And perhaps more importantly – who cares? If the impending closure of the obnoxiously “Web 2.0” BBC Sound Index this Friday is any guide, the answer is pretty clear.

Oh sure, the site boasts more than 22 million “comments, posts, plays and views”, but those comments and posts are all from OTHER sites like YouTube,, iTunes, myspace, and the like. Sound Index sent automated “robot” scripts to these sites looking for the names of bands, fed what it found into some kind of magic algorithm, and produced a constantly updated list of the 1000 buzziest bands on the planet. Or well, the English-speaking planet. Probably. Slap some shiny, gumdrop-like buttons on the results, organise things with a direct rip-off of the iTunes “Coverflow” feature and hey presto.. well, what exactly?

The subcontractors who made it, Nova Rising, had some heady early expectations that it could be “the chart to replace the Top 40”. And indeed, the TV show Sound (for it is that which the Index is named after) is the BBC’s attempt to make up for the lack of live chart music on television precipitated by the cancellation of Top of the Pops.

One could argue that the Top 40 was the original “web 2.0” concept. The songs are all written, performed and recorded by other people; their order of presentation each week is determined by millions of people’s individual listening and buying habits; all you have to do is play the songs. Brilliant! For Top of the Pops you’d have to invite a smelly band or two, but even the dancing bits were “user generated”. Just turn on the cameras and away you go.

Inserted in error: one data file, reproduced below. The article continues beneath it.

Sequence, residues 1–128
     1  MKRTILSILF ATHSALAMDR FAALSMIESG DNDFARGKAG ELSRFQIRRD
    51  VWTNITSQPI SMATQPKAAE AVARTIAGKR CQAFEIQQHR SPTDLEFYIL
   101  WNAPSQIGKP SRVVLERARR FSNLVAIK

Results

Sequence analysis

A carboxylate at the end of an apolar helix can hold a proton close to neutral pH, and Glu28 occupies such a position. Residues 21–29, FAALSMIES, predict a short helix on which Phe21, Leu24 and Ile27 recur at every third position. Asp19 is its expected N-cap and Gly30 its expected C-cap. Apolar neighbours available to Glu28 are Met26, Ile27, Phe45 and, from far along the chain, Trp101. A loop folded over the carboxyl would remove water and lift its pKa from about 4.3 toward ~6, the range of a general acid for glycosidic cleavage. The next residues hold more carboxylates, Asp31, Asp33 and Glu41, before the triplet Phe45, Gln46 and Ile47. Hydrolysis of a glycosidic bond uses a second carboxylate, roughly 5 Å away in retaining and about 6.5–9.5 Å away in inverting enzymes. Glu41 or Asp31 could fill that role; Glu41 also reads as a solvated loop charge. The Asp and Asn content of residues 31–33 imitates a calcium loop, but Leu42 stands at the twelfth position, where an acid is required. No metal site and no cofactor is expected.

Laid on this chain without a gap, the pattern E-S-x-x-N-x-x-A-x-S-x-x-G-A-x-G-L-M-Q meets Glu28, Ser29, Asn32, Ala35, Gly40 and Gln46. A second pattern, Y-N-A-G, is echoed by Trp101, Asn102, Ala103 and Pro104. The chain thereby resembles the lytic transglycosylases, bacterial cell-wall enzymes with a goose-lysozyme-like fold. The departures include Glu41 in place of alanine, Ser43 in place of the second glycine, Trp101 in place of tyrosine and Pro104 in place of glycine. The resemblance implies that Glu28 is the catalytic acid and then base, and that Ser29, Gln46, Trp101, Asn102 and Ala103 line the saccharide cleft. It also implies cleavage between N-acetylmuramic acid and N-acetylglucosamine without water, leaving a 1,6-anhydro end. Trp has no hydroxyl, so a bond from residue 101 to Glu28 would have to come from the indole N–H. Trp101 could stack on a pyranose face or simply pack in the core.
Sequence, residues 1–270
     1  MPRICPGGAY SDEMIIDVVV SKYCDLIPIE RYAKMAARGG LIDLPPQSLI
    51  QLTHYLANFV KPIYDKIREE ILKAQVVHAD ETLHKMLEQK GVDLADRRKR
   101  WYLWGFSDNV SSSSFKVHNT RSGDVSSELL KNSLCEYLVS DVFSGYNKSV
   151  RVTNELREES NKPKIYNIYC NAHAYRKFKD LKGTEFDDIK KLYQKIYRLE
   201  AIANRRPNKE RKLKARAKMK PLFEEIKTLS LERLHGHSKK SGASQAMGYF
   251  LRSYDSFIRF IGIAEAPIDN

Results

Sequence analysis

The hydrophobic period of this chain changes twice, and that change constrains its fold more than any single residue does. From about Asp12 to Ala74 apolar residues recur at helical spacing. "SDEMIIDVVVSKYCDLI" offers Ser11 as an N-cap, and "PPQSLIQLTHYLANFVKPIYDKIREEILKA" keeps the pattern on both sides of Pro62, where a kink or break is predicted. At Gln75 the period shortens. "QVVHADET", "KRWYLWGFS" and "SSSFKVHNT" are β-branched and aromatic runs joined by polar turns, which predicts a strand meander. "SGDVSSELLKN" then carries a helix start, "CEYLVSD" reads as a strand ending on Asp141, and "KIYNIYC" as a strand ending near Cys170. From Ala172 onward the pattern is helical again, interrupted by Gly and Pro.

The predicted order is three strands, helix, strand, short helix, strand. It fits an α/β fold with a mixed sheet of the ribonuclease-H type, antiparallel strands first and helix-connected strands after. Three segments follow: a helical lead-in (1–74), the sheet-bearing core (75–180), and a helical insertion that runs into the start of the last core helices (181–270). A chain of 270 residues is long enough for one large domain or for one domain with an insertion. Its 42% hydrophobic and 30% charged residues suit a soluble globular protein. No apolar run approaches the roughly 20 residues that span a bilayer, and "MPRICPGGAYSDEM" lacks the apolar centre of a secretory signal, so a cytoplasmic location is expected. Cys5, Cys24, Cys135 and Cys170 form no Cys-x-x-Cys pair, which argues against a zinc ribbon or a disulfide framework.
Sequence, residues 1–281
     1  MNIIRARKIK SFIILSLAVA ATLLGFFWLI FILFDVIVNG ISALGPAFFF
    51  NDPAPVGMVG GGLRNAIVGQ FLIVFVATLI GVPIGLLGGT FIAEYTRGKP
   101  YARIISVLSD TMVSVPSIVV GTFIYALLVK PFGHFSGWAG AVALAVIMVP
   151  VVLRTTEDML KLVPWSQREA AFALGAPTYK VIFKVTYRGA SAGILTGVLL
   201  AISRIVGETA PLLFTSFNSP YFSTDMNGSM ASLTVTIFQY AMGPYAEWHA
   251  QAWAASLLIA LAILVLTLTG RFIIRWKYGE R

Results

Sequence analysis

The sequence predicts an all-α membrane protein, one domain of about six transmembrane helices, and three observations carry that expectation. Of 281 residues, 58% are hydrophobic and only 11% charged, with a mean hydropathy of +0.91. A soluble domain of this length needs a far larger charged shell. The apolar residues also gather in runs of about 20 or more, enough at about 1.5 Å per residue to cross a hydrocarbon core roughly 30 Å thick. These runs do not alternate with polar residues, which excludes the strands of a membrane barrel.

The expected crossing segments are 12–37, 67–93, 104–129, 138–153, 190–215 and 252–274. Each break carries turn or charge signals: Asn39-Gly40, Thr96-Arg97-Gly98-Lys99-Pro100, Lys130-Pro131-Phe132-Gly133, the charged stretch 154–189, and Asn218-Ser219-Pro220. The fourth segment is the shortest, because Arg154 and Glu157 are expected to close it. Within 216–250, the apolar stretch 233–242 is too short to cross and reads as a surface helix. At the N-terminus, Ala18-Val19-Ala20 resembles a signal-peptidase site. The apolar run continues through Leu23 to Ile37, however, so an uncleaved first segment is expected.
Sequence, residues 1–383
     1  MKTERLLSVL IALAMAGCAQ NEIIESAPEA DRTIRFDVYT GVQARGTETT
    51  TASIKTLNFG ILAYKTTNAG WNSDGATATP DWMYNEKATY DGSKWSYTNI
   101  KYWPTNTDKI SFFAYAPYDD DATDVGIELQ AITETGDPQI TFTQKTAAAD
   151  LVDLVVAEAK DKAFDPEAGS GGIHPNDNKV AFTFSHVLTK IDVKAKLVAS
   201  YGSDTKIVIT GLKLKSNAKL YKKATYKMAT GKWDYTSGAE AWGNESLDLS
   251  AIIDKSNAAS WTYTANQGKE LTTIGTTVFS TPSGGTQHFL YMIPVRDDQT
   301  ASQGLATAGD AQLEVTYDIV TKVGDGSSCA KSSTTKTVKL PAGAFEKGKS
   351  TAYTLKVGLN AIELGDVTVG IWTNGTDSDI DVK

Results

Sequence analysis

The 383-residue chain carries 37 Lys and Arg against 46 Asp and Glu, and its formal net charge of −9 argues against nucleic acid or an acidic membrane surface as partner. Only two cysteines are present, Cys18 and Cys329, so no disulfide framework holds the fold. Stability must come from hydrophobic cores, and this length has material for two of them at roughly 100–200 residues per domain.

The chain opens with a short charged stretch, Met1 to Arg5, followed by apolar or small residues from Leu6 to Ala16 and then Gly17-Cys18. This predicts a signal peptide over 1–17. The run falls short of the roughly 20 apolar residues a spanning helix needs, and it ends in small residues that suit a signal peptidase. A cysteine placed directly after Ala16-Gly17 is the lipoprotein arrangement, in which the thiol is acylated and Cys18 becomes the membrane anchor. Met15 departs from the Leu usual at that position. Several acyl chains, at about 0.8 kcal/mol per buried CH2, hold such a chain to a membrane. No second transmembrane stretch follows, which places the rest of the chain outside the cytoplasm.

But Top 40 radio shows and Top of the Pops were popular, when they were popular, because we understood how things worked. If a band sold enough records, it would be – or should be, with ensuing debate – invited on the show. There was no mystery about why a song had reached number one – it had sold the most. But Sound – and even Top of the Pops near the end – introduced a nefarious editorial element. Why are these bands playing?

And with the Sound Index it’s even less clear. The algorithm Nova Rising used for trawling through other sites’ comments threads was developed by IBM and has apparently cost a fortune. IBM’s presentation of some of the challenges involved says that “online comments are absolutely the worst way to find out what is popular… except for all the other ways.”

So, is money really obsolete? Do sales really rate less than 10,000 variations on JAN47 from TAMPA, FL’s contention that “ONE NIGHT ONLY ROX”? I don’t think so. Ultimately the only people who care about this kind of popularity – i.e. aggregate internet buzz – are record labels, and it has been pointed out that they already have Music Week for that sort of thing already.

For those who do care about the pop music horserace of the charts, the Top 40 still exists. And in the absence of a real chart show you can do what my friend Josh and I did when we were seven or eight and had the use of a real cassette tape recorder all to ourselves. You can sing your own versions and play them back, collapsing in laughter. Hey, maybe we could YouTube it. Then we’d get in the Sound Index!